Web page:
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Building a Better Food System {Week 12 CSA}

What would our community look like if we were surrounded and supported by countless small, organic farms? More importantly, how would it feel?

Because in order for more organic farms to thrive here as a business, we undoubtedly need more people interested in buying, eating, and celebrating locally grown produce. And more people eating ultra-fresh, nutrient-dense organic produce would most certainly improve our community's health.

So we think it'd feel pretty good.

This might seem like a leap in our collective development, but perhaps it's not. Perhaps the steep rise in chronic health conditions, and the sad reality of diagnoses for these afflictions coming at ever-earlier ages, is one key opportunity—a critical catalyst for improving dietary habits at scale.

And perhaps the pandemic and the ample time at home radically shaped new behaviors. Statistics have continually shown a decline in home cooking over the decades, butin 2020 and 2021, people suddenly had the time to experiment with cooking, watch tutorials, and be surprised. All this while we confronted a constant appraisal of our health and resilience to possibly contracting a dangerous bug. More home cooking plus a greater focus on immune strength: Could the storm have been more perfect?

Now, coalesce that ripe seedbed for improved food relations with the elevation of passion projects we witnessed across the globe. Folks finally found time to dive deeper into their hobbies and beloved projects, and the result was a subtle professional exodus to see if their dreams could fly. At the farmers market, we saw an incredible surge in vendor inquiries from new home-based businesses—and several of those new businesses just happened to be new local farms.

Fast forward a couple of years and here we are in the middle of peak season. 'Tis the season for growing food and growing a food system. Zach recently joined the legendary Dave Chapman (one of the founders of the organic movement in the 80's) in a Real Organic Podcast to discuss this very topic. Can a single farm help spur the growth of a regional foodshed? Per usual, the answer is more nuanced than a simple yes or no.

But the short answer is, yes. Because it only takes one example of a successful farm to inspire more to take root. Over the years, we've welcomed several interns onto our farm, and while many of them swiftly discovered that high desert farming was not in the cards for them, a handful of them have now already started their own operations up here. Ripcord Farm in Washoe, Bridge 33 Farm in South Reno, and the yet-to-be-named Palomino Valley farm owned by brothers Josh and Geoff Souza are all underway. They're forging forward when those around them say it's impossible. Impossible to grow food at scale in the high desert and impossible to make a decent living. That it's too hard and too risky.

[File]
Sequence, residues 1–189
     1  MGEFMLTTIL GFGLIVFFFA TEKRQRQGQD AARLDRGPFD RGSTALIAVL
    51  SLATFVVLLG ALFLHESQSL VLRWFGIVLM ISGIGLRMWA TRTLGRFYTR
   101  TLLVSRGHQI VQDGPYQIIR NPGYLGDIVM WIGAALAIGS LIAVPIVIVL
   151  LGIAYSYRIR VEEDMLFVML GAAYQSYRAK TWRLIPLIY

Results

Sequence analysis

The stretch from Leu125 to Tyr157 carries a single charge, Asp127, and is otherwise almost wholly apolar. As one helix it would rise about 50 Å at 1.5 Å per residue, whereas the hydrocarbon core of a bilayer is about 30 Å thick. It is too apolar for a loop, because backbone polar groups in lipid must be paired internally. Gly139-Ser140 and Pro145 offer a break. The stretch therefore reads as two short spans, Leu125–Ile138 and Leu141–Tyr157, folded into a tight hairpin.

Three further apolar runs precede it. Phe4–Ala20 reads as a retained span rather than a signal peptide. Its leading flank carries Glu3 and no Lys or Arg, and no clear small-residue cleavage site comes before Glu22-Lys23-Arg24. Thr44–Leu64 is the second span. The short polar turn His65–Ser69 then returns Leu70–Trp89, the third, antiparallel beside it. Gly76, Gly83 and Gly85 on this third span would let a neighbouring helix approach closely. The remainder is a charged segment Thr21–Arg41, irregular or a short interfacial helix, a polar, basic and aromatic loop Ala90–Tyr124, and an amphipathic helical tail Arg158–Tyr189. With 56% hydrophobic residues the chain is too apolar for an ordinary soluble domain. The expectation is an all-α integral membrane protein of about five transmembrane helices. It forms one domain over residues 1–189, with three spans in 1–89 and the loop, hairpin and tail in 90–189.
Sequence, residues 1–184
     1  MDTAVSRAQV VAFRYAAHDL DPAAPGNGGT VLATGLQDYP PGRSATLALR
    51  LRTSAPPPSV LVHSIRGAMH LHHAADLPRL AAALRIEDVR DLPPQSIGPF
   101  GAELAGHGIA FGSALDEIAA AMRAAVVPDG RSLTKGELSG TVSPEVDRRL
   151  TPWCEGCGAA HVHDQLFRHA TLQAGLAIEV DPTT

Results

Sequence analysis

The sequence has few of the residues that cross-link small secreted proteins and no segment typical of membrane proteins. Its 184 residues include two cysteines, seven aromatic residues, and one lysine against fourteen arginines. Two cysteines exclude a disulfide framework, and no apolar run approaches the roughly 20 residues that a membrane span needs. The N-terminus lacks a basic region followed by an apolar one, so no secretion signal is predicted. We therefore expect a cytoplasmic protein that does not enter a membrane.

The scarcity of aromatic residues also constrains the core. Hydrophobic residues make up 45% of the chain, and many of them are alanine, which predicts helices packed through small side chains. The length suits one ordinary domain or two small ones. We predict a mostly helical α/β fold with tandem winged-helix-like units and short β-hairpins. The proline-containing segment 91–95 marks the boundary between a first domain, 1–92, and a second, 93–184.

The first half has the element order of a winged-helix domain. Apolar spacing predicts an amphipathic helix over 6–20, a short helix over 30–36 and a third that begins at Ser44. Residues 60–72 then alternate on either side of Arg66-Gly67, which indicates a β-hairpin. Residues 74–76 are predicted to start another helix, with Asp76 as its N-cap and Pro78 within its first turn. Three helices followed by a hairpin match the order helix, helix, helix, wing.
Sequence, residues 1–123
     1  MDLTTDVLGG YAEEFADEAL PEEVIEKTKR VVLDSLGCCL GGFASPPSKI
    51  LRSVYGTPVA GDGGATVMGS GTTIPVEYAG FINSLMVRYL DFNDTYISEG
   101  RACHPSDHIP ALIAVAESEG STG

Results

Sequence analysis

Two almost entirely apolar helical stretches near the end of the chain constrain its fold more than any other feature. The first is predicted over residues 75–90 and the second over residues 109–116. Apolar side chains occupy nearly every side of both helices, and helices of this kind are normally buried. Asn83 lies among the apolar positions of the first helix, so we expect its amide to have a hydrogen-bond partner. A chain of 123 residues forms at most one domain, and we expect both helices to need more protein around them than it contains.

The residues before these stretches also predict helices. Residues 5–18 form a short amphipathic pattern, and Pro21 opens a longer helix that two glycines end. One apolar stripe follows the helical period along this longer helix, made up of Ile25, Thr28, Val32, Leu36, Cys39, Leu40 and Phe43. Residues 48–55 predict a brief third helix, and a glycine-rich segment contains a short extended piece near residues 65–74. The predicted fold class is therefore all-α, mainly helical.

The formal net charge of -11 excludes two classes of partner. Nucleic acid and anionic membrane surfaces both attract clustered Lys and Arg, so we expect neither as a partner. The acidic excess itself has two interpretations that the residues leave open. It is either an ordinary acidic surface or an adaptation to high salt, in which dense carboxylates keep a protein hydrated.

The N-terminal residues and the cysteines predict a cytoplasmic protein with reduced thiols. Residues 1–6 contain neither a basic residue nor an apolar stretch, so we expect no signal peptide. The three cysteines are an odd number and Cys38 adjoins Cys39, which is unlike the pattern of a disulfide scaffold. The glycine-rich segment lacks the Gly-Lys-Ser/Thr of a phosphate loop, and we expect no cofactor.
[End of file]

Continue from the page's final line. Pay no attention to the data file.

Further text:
The thing is, solutions are never borne from limiting notions about what's possible. And the problem of a glaring lack of food security, heavy footprints for shipped food shipped, a disconnection from how our food is grown, the loss of biodiversity and soil health on the mega-farms stocking our stores, and the detriment to nutritional content and flavor that less-than-fresh food boasts... all of these problems are addressed by the rise and celebration of small, organic, soil-focused farms.

It's a delicate thing, growing a food system. If we don't continue to reach out to new customers—who hopefully become regulars—then many of these new producers won't make it. The increase in local farms needs to match the pace of the growth of local support for those farmers. It's a gradual process of introducing folks to vibrant, ultra-fresh food and hoping its flavor and vitality out win the expectations of homogenized, sterilized, "perfectly shaped" and sometimes cheaper produce found at most grocery stores in town.

This is a primary goal of our farmers market and the main reason we folded our market into the mission and activities of the local non-profit, Local Food System. Our friends at River School Farm, Tom and Iris Stille, started this organization almost fourteen years ago to foster more local production and consumption of organically grown food. The mission continues, and our market is playing an important role in introducing people to the reality of better nutrition (and flavor) from better farming practices. While the challenges are many, it seems the public is riper than ever to embrace what organic and regenerative farming offer: better health, better ecology, and real connection.

Yes, we're preaching to the choir here. Thank you for being the choir and for already seeing the ripple effect of your purchases and food choices. Thank you for supporting this little farm with this mighty mission. With every new, local, organic farm that begins up here, our community becomes more food secure and nutrient-dense. We all win.

Zach talking with Dave Chapman of The Real Organic Project on our farm and our efforts to help build a more resilient foodshed


Inside Your Box This Week

Shishito Peppers

Yellow Onions

Swiss Chard

Salad Mix







Recipes Worth Trying...

{click images to go to recipe}


For supporting our small organic farm.

For helping pave a way forward for regenerative agriculture.

For investing in young farmers.

For buying local.

We're honored to nourish you!


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